As shown in FIG. 1, partition 141-1 is the default partition. Specifically, executables that are not registered with scheduling agent 125 are assigned to the default partition. An appropriate amount of system resources may be assigned to the default partition to enable multiple executables to perform at satisfactory levels. Also, as shown in FIG. 2, partition 141-2 is the isolation partition. A relatively smaller amount of resources are assigned to partition 141-2. The smaller amount of resources are used to enable a limited number of isolated executables to make some amount of forward progress.
The other partitions (141-3 through 141-N) are used to support the operations of registered executables. Registration interface 123 may be used to register one or several executables with scheduling agent 125. Registration interface 123 may be accessed by suitable calls by the executable being registered. Alternatively, registration interface 123 can be accessed by an administrator through a command line interface or other suitable interface (not shown). Registration information 124 passed to registration interface 123 may include resource information or resource requests. For example, the resource information may include service level agreements that identify minimum access to processor resources and/or other resources. Scheduling agent 125 creates partitions 141 according to the resource information and assigns the executable(s) to a group corresponding to the newly created partition. The assignment of executables is reflected in group data 126. Also, scheduling agent 125 assigns executables that have not been registered to the default group.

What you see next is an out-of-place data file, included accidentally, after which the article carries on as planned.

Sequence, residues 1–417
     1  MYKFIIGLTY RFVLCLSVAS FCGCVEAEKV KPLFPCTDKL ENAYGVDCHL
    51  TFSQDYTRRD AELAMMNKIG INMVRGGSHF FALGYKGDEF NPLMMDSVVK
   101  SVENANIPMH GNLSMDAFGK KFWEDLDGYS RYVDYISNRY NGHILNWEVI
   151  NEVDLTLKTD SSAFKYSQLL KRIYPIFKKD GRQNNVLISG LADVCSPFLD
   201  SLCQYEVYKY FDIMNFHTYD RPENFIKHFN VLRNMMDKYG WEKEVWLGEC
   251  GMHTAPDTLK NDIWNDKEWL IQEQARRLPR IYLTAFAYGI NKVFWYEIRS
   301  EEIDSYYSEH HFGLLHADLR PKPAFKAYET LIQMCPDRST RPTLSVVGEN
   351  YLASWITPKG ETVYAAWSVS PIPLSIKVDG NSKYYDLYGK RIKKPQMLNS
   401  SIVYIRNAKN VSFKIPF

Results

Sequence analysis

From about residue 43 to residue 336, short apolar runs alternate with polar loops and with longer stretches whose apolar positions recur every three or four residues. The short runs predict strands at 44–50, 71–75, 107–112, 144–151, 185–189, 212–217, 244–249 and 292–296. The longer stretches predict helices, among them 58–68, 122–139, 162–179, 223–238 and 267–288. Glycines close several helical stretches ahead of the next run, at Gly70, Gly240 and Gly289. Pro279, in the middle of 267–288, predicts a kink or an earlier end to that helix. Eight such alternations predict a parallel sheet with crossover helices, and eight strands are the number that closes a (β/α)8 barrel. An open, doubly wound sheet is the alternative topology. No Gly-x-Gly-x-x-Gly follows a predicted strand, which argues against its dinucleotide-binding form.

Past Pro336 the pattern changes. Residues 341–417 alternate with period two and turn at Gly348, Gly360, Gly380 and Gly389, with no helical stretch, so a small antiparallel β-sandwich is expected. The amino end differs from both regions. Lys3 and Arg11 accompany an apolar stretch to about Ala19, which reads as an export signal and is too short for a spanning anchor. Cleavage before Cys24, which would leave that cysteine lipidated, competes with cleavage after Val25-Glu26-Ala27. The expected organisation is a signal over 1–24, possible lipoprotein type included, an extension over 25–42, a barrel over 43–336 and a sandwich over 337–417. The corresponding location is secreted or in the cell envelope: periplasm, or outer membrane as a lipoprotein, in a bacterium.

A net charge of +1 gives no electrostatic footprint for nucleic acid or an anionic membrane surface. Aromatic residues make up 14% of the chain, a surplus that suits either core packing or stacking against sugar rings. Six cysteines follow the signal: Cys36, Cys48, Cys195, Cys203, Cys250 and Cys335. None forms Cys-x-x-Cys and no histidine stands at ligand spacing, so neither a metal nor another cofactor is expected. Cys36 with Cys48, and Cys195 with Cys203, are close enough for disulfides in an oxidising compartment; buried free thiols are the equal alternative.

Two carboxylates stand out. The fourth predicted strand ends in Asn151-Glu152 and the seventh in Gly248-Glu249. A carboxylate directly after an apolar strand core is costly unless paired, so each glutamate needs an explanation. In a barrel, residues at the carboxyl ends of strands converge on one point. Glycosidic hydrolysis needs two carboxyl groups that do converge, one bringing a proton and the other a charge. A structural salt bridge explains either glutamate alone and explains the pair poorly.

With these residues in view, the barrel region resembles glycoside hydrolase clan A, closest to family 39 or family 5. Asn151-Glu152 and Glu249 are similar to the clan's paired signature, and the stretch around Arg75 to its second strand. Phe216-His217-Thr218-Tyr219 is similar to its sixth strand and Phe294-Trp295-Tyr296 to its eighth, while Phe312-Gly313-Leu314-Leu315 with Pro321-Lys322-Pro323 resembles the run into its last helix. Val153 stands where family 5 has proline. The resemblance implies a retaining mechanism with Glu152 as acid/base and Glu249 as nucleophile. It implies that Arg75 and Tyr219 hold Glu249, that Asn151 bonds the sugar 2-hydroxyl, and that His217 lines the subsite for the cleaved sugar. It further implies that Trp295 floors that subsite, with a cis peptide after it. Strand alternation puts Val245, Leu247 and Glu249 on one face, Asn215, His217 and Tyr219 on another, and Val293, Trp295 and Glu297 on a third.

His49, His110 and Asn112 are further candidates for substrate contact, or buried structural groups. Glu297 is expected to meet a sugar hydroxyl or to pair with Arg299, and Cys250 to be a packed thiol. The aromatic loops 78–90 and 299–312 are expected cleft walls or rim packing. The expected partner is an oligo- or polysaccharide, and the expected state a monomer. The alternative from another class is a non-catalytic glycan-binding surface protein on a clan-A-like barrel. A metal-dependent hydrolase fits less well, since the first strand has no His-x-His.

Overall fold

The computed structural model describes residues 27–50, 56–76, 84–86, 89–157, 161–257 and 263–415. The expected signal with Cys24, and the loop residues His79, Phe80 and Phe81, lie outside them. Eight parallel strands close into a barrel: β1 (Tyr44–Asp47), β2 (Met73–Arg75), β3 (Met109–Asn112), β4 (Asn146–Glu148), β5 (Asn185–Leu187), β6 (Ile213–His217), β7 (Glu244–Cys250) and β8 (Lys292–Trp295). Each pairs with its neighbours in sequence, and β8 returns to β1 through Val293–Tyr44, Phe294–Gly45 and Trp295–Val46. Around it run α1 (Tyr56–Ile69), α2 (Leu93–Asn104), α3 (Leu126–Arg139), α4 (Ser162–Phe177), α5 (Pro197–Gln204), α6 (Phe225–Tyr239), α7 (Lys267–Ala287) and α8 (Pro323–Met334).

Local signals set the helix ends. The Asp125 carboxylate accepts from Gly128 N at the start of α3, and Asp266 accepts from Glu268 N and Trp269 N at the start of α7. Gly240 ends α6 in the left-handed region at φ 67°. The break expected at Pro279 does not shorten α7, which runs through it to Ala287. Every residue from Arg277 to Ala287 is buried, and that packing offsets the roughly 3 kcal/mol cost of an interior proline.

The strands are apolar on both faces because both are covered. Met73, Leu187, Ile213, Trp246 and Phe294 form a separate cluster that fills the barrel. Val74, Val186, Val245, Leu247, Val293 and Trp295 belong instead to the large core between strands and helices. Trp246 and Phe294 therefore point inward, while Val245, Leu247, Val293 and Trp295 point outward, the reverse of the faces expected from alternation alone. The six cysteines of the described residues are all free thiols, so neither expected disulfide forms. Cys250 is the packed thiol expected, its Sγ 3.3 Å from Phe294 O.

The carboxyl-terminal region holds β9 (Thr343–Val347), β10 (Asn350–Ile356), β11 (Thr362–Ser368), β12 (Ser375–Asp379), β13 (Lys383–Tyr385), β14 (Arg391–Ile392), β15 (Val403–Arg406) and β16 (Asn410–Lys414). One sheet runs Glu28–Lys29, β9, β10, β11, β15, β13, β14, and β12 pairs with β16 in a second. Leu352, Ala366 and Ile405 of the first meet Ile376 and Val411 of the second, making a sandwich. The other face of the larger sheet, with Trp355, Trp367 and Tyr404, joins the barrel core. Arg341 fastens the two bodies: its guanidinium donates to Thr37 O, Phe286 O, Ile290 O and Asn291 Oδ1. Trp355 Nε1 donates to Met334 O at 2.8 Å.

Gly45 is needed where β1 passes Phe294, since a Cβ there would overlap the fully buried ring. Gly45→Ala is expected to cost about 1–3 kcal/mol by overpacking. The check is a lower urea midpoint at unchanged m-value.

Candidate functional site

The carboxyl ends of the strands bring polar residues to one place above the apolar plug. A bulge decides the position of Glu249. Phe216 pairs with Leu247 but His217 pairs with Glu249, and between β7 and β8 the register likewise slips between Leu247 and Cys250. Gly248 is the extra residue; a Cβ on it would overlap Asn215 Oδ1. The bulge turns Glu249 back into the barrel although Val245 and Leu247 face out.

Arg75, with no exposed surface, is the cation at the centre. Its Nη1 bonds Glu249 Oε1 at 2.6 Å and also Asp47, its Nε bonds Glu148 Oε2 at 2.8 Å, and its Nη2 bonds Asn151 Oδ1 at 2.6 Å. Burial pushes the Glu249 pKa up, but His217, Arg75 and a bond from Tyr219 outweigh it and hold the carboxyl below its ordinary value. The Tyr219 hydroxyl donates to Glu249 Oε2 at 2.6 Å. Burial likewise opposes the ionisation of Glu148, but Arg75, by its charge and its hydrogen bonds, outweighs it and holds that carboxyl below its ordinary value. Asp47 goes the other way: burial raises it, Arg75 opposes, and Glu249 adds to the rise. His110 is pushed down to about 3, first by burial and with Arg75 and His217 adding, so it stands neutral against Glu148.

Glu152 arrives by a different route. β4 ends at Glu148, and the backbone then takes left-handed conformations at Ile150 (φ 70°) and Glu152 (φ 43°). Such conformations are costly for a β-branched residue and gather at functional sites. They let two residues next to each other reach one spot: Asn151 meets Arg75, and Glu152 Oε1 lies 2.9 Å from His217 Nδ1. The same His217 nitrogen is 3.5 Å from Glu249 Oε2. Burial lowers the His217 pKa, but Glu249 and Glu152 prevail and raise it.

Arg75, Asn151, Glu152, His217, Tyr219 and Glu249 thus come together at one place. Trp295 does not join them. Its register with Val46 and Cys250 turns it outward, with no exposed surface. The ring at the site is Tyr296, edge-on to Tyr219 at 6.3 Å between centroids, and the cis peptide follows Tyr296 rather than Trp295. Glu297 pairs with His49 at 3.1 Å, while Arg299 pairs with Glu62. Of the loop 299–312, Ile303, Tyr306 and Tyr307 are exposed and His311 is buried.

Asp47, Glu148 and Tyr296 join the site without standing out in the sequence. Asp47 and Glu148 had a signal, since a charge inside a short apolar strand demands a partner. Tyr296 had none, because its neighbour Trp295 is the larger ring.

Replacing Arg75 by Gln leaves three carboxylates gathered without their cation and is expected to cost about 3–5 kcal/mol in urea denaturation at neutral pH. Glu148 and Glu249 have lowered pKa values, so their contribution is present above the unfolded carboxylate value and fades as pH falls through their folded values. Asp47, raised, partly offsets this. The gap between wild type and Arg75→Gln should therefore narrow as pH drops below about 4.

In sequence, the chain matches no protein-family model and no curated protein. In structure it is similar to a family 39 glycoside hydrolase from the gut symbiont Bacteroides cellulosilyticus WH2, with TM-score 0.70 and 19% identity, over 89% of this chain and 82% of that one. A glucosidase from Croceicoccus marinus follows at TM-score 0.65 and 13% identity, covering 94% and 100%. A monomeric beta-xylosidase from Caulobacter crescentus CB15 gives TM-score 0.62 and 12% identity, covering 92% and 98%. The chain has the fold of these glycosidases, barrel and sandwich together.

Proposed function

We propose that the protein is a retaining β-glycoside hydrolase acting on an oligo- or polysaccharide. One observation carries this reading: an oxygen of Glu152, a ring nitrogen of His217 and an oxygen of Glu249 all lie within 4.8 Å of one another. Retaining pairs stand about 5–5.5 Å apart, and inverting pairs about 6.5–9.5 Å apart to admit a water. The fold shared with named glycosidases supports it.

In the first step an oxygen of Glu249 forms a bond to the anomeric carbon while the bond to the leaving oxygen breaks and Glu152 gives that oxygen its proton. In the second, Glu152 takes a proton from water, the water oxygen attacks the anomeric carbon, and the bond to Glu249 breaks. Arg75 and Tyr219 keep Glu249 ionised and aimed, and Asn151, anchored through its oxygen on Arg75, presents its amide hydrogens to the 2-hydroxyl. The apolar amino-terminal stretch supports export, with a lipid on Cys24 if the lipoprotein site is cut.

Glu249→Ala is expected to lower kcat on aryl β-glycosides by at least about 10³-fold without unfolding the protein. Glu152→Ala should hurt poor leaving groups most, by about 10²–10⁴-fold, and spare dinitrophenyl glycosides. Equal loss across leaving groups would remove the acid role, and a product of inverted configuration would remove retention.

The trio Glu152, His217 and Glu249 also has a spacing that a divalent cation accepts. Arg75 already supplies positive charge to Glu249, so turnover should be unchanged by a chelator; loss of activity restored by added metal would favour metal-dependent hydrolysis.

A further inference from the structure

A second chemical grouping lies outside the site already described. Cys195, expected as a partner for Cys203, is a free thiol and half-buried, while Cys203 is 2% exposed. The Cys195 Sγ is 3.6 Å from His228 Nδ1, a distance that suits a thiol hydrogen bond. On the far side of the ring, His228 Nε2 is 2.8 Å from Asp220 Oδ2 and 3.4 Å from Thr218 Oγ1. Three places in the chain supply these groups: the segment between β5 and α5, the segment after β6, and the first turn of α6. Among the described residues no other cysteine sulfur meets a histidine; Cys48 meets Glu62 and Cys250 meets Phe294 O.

Each group is supported by a respective partition 141 (partition 141-1 for the default group, partition 141-2 for the isolation group, and partitions 141-3 through 141-N for the registered groups). Scheduling agent 125 further schedules access to CPU resource 131-1 through 131-N by executables within the partitions 141 using resource shares 127. Resource shares 127 may define the amount of access to processor resources that each group will receive on average.